On Thursday, Katie Gregson-MacLeod’s midday set at one of the city’s Coffee Company outposts transforms the cafe from bustling brunch spot to the hottest ticket in town. Part of the festival’s Platosonic - a daytime schedule held across both the Coffee Company and the neighbouring record store, Plato - her stripped-back set boasts a full run-through of her gorgeous EP ‘songs written for piano’, with people even clamouring outside the windows to try and get a glimpse.
Next door, meanwhile, comes the glorious one-two of Heartworms and CIEL. The former, a dark but commanding force - even in the cold light of day, at the back of a record store - while the latter’s gothed-up grunge sounds even heftier in person. “My whole teenage CD collection came from this shop,” says former Groningen resident and vocalist Michelle Hindriks, nodding to what’s clearly a particularly special moment for the Brighton-based trio.
Venturing up to Machinefabriek later that evening, Dublin quartet Sprints are dead set on getting the crowd going with their gnarly sounds; last year’s single ‘Literary Mind’ is a heady but earwormy offering, while early tracks ‘Manifesto’ and ‘The Cheek’ are even more searing live than on record. It’s KEG, however, that provide one of the festival’s more captivating moments, with their brilliant-but-bonkers blend sounding even more chaotic on stage. Somehow managing to be both meticulously orchestrated and utterly ridiculous all at the same time - their irreverence is perhaps best illustrated during ‘Kids’, frontman Albert Haddenham repeatedly screeching “Daddy, I want an Itsu!” - their madcap blitz of a set is hard to tear your eyes from.
As things begin to draw to a close on Friday evening, a handful of Spanish artists take to the more grand confines of the city’s theatre, or Stadsschouwburg, for a special showcase highlighting the country’s current crop of talent, and it’s Barcelona’s Marta Knight that really stands out. Primarily delving into her 2022 album ‘Strange Times Forever’, her warm but laid-back songwriting feels reminiscent of the likes of Julien Baker or Maggie Rogers, and even on their third show of the day, her band still manage to pull it out the bag.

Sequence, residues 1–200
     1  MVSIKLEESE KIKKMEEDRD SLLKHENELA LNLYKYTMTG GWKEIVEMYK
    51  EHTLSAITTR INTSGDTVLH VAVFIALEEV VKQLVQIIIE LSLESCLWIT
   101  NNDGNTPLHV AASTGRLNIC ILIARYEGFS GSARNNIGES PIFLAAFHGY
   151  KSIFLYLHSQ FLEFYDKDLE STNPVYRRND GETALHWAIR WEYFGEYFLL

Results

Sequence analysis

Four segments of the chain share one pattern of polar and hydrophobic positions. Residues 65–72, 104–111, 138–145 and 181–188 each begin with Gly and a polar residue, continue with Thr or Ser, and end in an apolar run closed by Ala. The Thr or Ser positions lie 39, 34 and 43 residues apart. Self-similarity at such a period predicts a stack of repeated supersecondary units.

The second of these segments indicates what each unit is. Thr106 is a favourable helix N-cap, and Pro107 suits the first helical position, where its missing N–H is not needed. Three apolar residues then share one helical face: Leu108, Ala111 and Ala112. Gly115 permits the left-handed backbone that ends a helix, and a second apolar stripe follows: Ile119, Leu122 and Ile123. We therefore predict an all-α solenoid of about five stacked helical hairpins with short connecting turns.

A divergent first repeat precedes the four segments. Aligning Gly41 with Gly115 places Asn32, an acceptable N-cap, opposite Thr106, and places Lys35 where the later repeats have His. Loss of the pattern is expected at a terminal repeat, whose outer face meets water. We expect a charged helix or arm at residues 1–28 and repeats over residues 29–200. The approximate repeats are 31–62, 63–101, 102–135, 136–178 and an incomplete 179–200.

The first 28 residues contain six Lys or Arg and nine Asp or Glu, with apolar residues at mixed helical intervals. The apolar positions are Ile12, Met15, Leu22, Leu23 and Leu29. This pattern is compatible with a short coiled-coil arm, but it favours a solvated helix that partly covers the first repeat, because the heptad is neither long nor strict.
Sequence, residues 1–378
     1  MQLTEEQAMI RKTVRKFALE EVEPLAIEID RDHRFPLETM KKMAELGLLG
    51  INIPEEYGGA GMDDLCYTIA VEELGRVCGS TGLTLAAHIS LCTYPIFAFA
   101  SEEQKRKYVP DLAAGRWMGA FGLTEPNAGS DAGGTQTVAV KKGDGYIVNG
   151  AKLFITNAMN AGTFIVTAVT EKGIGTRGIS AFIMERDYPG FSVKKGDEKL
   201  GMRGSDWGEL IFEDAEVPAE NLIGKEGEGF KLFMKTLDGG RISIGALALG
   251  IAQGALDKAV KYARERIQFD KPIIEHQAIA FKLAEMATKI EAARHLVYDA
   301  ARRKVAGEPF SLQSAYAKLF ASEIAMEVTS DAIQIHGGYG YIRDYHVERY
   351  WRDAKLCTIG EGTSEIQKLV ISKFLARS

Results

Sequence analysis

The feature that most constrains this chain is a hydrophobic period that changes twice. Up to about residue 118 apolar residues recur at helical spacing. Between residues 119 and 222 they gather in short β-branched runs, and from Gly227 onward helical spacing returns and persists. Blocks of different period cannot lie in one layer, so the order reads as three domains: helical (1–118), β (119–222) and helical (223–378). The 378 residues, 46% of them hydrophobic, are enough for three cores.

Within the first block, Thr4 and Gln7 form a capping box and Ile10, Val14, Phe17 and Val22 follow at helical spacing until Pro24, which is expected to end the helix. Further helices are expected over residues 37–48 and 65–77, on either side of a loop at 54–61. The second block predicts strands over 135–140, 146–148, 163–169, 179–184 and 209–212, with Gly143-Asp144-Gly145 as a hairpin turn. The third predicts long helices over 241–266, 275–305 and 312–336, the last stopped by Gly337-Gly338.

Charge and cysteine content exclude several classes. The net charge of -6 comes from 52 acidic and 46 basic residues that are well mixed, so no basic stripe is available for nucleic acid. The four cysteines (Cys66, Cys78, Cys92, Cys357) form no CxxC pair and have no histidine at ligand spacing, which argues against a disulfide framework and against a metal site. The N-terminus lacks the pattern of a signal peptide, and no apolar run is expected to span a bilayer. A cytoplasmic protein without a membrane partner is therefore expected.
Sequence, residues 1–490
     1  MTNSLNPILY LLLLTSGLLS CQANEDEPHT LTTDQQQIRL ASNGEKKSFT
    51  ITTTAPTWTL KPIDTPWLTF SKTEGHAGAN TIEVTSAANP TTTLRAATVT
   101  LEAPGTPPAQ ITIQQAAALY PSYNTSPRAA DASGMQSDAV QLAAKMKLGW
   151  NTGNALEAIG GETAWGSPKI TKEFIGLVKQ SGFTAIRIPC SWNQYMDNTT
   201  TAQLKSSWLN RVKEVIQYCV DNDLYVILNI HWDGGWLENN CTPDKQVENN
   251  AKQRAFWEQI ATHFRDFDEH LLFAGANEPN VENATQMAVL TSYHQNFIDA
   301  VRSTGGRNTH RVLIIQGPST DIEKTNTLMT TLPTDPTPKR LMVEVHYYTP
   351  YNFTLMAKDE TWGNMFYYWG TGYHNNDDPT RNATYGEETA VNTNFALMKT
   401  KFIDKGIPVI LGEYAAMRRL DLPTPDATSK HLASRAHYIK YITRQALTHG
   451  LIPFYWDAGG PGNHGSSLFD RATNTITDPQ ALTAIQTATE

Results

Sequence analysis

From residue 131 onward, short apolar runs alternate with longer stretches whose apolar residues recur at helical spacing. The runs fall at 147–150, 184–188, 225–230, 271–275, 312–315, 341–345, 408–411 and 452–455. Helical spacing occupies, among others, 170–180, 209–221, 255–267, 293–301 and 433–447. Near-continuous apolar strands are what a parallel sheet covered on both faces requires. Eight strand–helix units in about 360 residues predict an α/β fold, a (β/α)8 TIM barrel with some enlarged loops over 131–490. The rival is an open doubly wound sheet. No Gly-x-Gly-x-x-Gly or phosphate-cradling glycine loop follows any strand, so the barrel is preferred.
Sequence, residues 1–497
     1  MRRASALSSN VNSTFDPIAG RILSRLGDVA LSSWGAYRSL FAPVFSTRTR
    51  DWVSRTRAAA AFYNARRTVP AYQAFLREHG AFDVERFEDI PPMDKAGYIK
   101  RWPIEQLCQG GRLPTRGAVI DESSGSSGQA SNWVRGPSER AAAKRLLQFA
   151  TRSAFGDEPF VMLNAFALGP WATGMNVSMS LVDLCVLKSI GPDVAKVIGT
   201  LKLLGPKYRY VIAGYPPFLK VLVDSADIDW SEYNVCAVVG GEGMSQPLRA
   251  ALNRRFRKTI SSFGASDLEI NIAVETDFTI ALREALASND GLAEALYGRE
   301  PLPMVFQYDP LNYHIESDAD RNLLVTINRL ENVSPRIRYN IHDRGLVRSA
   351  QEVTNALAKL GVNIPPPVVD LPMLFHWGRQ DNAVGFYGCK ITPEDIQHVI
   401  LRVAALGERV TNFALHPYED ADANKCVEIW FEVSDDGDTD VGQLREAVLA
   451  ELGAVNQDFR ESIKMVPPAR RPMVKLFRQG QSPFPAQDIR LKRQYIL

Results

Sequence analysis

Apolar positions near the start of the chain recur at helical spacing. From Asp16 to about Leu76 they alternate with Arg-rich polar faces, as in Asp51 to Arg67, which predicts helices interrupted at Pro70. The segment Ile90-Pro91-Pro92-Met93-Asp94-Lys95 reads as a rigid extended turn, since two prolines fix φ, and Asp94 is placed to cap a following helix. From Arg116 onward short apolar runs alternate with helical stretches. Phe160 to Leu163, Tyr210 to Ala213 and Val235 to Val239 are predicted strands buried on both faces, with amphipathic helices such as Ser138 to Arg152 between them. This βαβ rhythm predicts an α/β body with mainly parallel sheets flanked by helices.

Next up, Dublin’s Kynsy - fresh from a 4am flight and a day’s worth of travelling - arrives to a packed out Huize Maas to offer up a serving of tracks from her recent ‘Something To Do With Love’ EP. Blending together Strokes-y guitars and electro-pop with her Gwen Stefani-like vocals - perfectly swaying from sugary sweet to biting in a split second - her live presence is even more potent than on record.
Towards the end of the fest, the whole of Groningen seems to have that Friday feeling meaning that venues are - for the first time so far - that much more crowded. And while the likes of Dutch acts Personal Trainer and Historian - whose brand of bluesy rock sees him doing his finest Jack White impression - have queues snaking around the block, it’s left to dynamic punk pros Big Joanie, appearing at Blauwe Hemel in the town’s main square, to close out ESNS in style. Deliciously scuzzy and vibrant from the opening riffs of ‘Cactus Tree’, the London trio provide the perfect note to end this much-missed musical celebration on. Same again next year, then?"}]